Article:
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12 of 12 people found the following review helpful
4.0 out of 5 stars A surprising story., 21 April 2013
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This review is from: The Exiles Return (Paperback)
Having read "The Hare with Amber Eyes" by Elisabeth de Waal's grandson I was expecting a rather sad book about the trials when trying to recover looted property taken from the Viennese jews after the anschluss in 1938, as I knew that Elisabeth had tried to do just this, and it was largely a fruitless exercise. It IS a book about exiles returning after the 2nd world war, and people who stayed in Vienna, all of whom find their circumstances very much changed, but the stories of the protagonists are very personal ones, scandulous, romantic, brave and altogether not what I was expecting. I marvelled at Elisabeth de Waal's command of the English language, her descriptions of the Austrian landscape are wonderful and the narrative skips along, the threads of the story coming together at the end in a most satisfactory manner. An original and fascinating tale. For people who are fans of many of Persephone books, this is one to enjoy
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4 of 4 people found the following review helpful
5.0 out of 5 stars The heartbreak of returning., 8 July 2013
By 
Sue Kichenside - See all my reviews
(TOP 500 REVIEWER)   
This review is from: The Exiles Return (Paperback)
Edmund de Waal is the author of word-of-mouth bestseller, The Hare With Amber Eyes: A Hidden Inheritance. In his preface to his grandmother Elisabeth de Waal's wonderfully empathetic novel, he writes:

"My grandmother had spent her life in transit between countries: she kept only the things that mattered to her. And these pages did...This untitled novel, now called The Exiles Return, was not published in her lifetime. In conversation with her about why writing matters, she never revealed what this fact meant to her, and it was only recently that I found this single and extraordinary page:

"'Why am I making such a great effort and taxing my own endurance and energy to write this book that no one will read? Why do I have to write? Because I have always written, all my life, and have always striven to do so, and have always faltered on the way and hardly ever succeeded in getting published....What is lacking? I have a feeling for language...But I think I write in a rarified atmosphere. I lack the common touch, it is all too finely distilled. I deal in essences, the taste of which is too subtle to register on the tongue. It is the quintessence of experiences, not the experiences themselves...I distill too much.'"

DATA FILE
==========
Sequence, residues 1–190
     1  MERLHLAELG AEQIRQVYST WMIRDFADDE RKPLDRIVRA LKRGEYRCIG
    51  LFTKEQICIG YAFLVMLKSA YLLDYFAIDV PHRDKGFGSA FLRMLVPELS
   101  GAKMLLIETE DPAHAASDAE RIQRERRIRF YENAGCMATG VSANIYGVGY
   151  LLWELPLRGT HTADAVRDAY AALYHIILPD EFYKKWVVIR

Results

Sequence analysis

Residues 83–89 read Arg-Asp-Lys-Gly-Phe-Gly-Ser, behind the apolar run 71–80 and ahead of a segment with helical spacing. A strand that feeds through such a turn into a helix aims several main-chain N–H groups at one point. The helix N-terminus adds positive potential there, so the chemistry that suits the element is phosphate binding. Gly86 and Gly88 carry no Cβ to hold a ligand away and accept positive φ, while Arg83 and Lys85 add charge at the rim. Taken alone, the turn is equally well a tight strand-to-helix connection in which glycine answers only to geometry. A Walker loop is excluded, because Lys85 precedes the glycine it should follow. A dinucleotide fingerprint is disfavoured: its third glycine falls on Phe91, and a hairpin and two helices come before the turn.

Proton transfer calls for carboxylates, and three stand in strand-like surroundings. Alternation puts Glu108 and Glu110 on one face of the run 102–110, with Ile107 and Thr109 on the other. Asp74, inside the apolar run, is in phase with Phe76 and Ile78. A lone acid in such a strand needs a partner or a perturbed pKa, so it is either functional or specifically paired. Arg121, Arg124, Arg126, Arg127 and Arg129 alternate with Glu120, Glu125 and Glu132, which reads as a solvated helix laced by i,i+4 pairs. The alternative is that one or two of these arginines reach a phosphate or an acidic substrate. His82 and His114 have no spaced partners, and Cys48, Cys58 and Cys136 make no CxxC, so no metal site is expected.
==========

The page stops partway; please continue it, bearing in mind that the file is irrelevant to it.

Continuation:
Mr de Waal continues: "Elisabeth de Waal was Viennese and this is a novel about being Viennese. As such, it is a novel about exile and about return, about the push and pull of love, anger and despair about a place which is part of your identity, but which has also rejected you. The Exiles Return is alive to this complexity and it stands, in part, as a kind of autobiography in its mapping of these emotions...But above all the book is about the heartbreak of returning."

Finally, a quote from the book itself. Valery, who has emigrated with her husband to America, names her daughter Marie-Theres after her mother, because the name "embodied everything she wished to remember of the old Austria, of her country's and her family's greatness, as a tiny phial of concentrated scent may preserve and penetrate for years to come alien fabrics and alien habitations with the faint but unmistakable memory of its odour."

Thank you to Edmund de Waal for his moving preface and to Persephone for publishing this book.
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17 of 19 people found the following review helpful